tw: graphic details about a car accident.
This past Thanksgiving, a family member told me about her experience being the first person on the scene of a fatal head-on collision while she was travelling at night on a road trip this summer.
My aunt was close enough to witness the accident, but not close enough to be hit herself.
She and a few other drivers pulled over to help in whatever way possible before paramedics arrived. Knowing they were far from any major centre, it would be a while before EMT would make it to the scene.
Unfortunately, there was nothing they could do for the lone occupant of one of the vehicles, who appeared to have been killed on impact.
There was some life left in the second vehicle, though – two men and a dog. But, the vehicle was on fire. This made approaching the vehicle terribly dangerous, but also made their work as helpers all the more important and urgent. Every minute those men spent in the vehicle they were exposed to more burns and smoke, and they were increasingly at risk of an explosion.
The helpers quickly freed the dog and managed to unbuckle the mens’ seatbelts. But, lifting two incapacitated grown men out of a burning vehicle and to a safe distance proved much more difficult than anticipated. Working tirelessly together as a team, themselves at increasing risk of burns and explosion every minute they toiled, the helpers got the men to safety just moments before the car exploded.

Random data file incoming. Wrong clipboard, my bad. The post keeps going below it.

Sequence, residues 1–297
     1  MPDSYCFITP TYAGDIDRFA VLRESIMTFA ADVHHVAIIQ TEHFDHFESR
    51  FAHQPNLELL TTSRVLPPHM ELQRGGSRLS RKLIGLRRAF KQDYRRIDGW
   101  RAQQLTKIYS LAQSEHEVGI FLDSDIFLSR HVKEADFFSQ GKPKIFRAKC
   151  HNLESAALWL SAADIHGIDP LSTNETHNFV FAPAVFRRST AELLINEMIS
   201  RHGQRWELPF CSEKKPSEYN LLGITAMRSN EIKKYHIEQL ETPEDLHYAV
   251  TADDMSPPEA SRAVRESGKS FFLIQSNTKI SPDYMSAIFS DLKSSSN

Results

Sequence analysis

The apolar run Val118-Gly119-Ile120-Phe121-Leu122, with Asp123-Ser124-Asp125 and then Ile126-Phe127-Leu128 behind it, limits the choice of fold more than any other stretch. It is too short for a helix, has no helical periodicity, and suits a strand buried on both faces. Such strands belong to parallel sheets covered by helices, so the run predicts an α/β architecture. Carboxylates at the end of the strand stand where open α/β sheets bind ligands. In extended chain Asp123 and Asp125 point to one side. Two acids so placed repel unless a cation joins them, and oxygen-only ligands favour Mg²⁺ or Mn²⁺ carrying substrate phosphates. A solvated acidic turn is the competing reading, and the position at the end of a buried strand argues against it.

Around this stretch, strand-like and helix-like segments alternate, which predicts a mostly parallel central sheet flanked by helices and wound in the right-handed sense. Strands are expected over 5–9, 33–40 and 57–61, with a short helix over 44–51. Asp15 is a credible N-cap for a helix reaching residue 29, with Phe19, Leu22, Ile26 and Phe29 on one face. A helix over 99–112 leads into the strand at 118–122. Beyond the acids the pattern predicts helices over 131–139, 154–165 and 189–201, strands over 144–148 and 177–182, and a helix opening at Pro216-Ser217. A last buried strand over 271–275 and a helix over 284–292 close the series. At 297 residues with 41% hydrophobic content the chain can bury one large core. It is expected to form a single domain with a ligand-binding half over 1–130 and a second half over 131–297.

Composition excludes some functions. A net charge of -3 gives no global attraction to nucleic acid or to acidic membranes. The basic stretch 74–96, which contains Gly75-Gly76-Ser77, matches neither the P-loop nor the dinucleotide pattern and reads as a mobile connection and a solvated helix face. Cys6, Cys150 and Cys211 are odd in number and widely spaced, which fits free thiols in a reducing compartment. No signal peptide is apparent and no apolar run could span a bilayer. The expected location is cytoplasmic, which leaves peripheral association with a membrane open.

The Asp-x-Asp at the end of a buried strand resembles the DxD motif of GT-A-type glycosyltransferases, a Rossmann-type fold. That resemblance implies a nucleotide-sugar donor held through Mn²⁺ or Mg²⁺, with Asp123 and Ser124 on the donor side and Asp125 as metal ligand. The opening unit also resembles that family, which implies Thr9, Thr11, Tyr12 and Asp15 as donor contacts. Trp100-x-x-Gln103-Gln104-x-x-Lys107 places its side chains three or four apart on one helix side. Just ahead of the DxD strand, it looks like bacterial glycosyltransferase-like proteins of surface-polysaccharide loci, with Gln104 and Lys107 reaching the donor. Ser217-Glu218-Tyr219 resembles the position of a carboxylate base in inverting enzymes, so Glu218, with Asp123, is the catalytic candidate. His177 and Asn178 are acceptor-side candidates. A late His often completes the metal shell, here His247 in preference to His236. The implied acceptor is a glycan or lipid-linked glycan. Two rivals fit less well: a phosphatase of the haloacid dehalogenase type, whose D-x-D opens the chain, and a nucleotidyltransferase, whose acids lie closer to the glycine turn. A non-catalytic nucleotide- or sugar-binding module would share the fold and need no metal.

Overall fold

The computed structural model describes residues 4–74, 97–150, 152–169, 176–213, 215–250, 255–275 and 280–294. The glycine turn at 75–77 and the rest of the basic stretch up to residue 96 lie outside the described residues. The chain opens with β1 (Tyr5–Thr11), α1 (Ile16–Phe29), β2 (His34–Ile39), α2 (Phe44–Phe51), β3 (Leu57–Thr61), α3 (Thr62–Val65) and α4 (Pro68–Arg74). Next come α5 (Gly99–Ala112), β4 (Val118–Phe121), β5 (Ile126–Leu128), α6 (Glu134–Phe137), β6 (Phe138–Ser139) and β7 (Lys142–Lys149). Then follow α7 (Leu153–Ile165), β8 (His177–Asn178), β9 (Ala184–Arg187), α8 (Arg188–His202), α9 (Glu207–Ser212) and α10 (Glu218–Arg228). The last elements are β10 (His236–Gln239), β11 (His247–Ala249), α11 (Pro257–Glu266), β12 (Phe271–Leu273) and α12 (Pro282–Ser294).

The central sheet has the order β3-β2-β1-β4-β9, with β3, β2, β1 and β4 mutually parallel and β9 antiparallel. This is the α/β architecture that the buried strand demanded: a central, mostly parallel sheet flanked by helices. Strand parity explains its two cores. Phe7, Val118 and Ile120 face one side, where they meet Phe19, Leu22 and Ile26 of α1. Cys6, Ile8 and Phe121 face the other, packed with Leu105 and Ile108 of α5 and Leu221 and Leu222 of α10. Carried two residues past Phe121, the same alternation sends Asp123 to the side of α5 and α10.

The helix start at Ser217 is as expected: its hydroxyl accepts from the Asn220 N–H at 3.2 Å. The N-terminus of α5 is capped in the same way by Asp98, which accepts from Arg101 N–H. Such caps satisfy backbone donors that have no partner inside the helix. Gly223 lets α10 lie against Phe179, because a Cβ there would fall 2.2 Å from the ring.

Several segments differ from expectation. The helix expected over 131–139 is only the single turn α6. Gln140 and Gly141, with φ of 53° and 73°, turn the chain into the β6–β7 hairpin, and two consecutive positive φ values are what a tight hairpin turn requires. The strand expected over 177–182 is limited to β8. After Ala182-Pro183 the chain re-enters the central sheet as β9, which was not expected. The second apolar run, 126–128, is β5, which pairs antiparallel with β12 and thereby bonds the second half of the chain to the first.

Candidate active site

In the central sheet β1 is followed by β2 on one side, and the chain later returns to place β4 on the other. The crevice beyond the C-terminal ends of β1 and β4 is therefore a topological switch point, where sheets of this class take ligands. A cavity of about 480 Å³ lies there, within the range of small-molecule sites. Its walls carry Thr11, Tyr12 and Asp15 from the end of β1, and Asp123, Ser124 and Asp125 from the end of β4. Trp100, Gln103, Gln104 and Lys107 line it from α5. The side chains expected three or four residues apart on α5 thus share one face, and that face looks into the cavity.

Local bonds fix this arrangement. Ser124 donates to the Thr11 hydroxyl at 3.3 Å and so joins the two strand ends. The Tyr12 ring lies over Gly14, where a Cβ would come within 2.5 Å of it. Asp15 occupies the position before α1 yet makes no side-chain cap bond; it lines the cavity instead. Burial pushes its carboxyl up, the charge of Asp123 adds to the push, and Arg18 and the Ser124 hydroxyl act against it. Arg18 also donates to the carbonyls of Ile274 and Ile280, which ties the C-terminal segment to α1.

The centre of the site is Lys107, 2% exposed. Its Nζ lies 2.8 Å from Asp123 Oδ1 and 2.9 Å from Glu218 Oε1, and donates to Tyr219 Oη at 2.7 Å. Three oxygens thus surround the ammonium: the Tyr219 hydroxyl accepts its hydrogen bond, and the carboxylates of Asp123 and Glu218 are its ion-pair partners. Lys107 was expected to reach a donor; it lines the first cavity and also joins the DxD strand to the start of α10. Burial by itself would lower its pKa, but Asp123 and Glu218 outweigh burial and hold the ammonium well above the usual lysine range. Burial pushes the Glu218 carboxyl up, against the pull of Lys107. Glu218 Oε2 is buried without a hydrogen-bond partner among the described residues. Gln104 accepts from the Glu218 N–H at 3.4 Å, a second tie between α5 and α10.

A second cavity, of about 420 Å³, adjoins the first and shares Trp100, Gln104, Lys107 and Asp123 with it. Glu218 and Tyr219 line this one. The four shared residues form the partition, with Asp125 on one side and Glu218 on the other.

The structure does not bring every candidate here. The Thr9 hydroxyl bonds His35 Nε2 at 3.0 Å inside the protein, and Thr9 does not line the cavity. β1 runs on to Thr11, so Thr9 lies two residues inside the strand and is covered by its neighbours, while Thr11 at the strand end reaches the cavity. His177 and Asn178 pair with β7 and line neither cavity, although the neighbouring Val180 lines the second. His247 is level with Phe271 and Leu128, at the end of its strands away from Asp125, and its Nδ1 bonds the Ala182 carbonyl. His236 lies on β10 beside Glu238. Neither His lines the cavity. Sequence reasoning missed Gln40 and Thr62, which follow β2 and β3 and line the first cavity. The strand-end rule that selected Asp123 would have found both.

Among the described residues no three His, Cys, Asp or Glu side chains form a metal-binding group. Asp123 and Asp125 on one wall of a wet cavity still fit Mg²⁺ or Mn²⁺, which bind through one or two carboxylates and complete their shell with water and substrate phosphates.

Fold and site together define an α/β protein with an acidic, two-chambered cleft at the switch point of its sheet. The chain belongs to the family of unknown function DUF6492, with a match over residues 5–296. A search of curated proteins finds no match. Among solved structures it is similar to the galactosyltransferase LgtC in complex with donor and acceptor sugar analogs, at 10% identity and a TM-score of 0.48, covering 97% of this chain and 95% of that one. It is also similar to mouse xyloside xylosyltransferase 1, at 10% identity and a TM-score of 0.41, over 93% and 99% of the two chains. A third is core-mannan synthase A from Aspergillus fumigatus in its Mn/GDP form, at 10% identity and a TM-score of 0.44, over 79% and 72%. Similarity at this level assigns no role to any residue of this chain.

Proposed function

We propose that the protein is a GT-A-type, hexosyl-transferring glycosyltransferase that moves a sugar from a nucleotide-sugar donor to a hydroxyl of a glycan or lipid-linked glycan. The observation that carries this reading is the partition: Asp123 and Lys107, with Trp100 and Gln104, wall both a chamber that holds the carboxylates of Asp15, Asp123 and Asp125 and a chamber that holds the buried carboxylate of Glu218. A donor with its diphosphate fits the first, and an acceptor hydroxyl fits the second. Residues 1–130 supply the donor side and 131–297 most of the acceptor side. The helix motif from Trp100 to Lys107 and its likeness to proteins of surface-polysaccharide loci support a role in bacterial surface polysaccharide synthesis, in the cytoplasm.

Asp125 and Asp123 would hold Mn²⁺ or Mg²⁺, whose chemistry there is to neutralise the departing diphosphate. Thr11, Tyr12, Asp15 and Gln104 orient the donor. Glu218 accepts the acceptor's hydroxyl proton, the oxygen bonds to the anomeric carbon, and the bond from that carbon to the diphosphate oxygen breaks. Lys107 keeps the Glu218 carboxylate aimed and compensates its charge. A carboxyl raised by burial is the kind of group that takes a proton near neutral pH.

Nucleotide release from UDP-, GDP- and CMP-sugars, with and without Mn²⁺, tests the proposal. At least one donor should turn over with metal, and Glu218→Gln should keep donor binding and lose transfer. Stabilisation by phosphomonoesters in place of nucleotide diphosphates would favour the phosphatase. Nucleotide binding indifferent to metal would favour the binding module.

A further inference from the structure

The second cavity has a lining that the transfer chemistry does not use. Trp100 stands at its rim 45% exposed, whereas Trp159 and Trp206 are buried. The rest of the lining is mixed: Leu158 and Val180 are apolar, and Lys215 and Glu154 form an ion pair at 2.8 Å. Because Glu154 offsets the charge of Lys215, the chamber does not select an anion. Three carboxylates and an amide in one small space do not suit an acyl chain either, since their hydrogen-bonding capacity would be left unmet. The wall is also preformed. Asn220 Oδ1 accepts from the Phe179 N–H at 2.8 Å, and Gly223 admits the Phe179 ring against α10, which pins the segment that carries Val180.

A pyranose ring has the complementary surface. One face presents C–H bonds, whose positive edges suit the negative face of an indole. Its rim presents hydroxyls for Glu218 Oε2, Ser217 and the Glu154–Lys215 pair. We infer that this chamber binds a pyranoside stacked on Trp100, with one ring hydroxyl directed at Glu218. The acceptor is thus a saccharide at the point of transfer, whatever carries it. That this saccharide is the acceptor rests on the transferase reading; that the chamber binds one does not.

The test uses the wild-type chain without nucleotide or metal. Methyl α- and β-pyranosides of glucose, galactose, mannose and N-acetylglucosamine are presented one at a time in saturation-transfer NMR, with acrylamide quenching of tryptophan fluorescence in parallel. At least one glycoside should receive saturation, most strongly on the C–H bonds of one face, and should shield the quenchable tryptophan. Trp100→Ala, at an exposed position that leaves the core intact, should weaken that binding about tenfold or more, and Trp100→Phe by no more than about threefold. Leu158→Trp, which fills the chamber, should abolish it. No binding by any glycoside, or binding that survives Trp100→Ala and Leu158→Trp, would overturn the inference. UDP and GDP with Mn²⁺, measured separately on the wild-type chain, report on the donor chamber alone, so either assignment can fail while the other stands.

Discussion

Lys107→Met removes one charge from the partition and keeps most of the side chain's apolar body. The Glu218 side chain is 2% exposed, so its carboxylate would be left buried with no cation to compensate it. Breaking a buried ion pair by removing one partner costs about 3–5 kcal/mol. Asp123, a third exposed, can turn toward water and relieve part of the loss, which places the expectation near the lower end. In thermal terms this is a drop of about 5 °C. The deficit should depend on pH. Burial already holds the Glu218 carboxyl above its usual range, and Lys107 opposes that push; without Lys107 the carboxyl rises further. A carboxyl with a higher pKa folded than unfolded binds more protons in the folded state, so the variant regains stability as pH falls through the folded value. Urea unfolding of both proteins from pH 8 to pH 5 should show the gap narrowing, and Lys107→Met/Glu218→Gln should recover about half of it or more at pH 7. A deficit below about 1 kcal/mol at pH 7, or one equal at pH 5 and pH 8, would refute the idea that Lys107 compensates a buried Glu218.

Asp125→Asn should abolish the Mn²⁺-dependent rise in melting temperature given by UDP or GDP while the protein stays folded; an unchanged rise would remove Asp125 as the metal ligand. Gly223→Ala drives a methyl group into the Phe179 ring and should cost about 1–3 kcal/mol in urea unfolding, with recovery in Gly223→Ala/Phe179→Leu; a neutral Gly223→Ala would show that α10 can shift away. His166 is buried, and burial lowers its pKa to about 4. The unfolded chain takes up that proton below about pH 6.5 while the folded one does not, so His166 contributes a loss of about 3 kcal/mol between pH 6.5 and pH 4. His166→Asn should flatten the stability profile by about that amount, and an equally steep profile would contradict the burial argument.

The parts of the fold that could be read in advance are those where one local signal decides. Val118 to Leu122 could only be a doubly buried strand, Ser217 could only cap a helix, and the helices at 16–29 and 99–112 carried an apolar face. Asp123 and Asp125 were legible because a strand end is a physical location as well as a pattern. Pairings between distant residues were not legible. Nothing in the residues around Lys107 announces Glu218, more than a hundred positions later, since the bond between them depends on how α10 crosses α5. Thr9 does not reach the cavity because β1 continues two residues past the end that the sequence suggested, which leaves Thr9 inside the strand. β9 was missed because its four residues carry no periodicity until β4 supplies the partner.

Finally, paramedics arrived to provide life-saving medical care and transport to the nearest hospital for the two badly injured men. The police arrived to assess the scene and take reports from all who witnessed the accident.
When there was nothing left for them to do, the helpers all got into their own separate vehicles and drove off to their own separate lives to process their own trauma in what they’d just experienced.
My aunt described feeling like she and the other helpers had formed a little family for the few hours they spent working together toward their common goal. She remarked at how strange it feels that they all just vanished from each other’s lives forever after they achieved it.
I’ve heard before (and experienced) that shared adversity has a special way of bringing people together. In the 18 months I spent working in Student Learning and Transitions, I felt more and more connected with my work family with each bump in the road we faced together. There have been many shared challenges (some more arduous than others) but I’m proud to have been a part of the team that overcame them all. I’m grateful to have had the opportunity to serve alongside them, to lean on them, to learn from them, and to watch as they stood up together and grew.
While their important work continues, the time has come for me to get in my own car and drive off to face new challenges with a new team. But unlike the helpers at the scene of that accident, I have no intention of vanishing. I’m confident that the familial connections we made will survive the distance between our offices – it’s really not that far!
I hope that we can still find time for discussion, mutual support, and the odd laugh over lunch.
By the way, I know you’re wondering: The two men and the dog survived the accident and were reunited. And I know the ardent helpers in SLT will make it to the other side of their next challenge too.